You’ll excuse me for the quote in the title. I once had a friend from South Korea. I met him in Iceland, while he was writing his second travel book. At first he didn’t bother to inform me, but he was a rather successful writer in his home country. In addition to writing, he was a plethora of other things — photographer, drummer, DJ, among the others. Recenty he started painting and managing a cafe in Seoul. I have no idea about what he will do next, but I hope for him he will never feel the urge to settle down and become a respectable grown-up.
It’s hard to keep track of the explosive South Korean culture these days. Like my friend, the South Koreans seem to be everywhere, and they’re doing pretty well in many fields, from technology to fashion, from movies to pop music. Too bad for them that Western people still confuse them with the Japanese, but it’s just out of ignorance, really. To quote my friend, at some point South Korea was obsessing over becoming a cheap copy of Japan, but right now their culture and economy seems to be so much more dynamic than the Japanese one. It’s evident that even with their shortcomings, the South Koreans are gradually winning their own reputation.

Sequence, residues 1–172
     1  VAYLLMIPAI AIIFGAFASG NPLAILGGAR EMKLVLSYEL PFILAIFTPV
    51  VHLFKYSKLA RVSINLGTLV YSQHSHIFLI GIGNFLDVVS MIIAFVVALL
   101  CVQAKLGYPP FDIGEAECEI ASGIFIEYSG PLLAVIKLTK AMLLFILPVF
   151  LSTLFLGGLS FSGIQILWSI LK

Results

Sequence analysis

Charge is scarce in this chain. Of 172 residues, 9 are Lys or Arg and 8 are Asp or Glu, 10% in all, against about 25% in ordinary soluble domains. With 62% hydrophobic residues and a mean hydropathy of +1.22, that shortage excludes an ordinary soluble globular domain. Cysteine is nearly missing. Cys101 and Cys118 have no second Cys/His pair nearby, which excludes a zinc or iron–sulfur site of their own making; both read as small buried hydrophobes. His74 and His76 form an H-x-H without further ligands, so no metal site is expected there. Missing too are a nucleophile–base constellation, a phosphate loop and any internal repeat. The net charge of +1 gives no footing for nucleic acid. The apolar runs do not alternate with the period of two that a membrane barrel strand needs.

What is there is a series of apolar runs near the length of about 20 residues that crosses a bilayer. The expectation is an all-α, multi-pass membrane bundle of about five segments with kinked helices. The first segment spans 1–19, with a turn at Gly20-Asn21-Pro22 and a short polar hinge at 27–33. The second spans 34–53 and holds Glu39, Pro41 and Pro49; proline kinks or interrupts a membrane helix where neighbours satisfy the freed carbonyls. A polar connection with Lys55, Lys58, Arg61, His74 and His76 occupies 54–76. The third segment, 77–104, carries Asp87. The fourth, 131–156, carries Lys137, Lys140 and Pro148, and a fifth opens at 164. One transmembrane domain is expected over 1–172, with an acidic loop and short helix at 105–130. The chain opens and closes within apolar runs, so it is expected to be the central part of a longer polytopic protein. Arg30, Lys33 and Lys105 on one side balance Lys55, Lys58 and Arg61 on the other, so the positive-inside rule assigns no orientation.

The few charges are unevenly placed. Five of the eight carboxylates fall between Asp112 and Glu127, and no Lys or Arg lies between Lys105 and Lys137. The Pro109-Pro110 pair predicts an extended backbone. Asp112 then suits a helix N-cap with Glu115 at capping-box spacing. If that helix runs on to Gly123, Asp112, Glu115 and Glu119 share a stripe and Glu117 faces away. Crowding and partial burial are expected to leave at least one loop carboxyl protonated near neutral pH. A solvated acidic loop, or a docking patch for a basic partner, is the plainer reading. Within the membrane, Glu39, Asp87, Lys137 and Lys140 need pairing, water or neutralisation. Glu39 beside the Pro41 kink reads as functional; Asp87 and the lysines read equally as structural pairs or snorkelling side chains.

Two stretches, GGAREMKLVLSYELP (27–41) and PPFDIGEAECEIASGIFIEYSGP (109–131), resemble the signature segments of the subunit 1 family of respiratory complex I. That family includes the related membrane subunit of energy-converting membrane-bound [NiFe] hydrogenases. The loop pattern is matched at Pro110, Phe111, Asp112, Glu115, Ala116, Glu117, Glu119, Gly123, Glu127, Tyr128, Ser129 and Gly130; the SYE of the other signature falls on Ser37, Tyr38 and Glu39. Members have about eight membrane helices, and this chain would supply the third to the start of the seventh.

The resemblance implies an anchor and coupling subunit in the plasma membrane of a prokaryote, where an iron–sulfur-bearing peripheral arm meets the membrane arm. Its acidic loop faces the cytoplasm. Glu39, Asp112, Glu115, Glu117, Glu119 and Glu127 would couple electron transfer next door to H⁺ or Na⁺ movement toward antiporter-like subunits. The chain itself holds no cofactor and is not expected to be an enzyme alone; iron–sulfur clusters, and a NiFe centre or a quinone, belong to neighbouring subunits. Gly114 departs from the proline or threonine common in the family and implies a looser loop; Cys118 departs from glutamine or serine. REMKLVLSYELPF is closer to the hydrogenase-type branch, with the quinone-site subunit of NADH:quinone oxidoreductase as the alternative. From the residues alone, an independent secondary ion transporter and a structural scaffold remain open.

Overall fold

I was thinking about my friend these last few days. Out of a pure coincidence, Hipstamatic delivered the Hongdae Hipstapak, after a summer and fall spent exploring completely different latitudes and longitudes. The Hongdae pack includes two items, the Yoona lens and the Blanko 일 (AKA Blanko 1) film. Yoona is a contrasted lens, with cool shadows and warm highlights. Blanko 일 is a warm and borderless film effect with a nice textural feel to it.
In remembrance of my old friendship and to welcome the advent of December, I tried the new South Korean-inspired pack with pictures I took in Iceland a long time ago. I must admit that I wanted to keep it as summery as reasonably conceivable for Icelandic standards. December is the darkest month of the year, one of the most challenging times for taking pictures anywhere, and this is especially true for the far North. But we don’t need to be accurate and wintry, do we?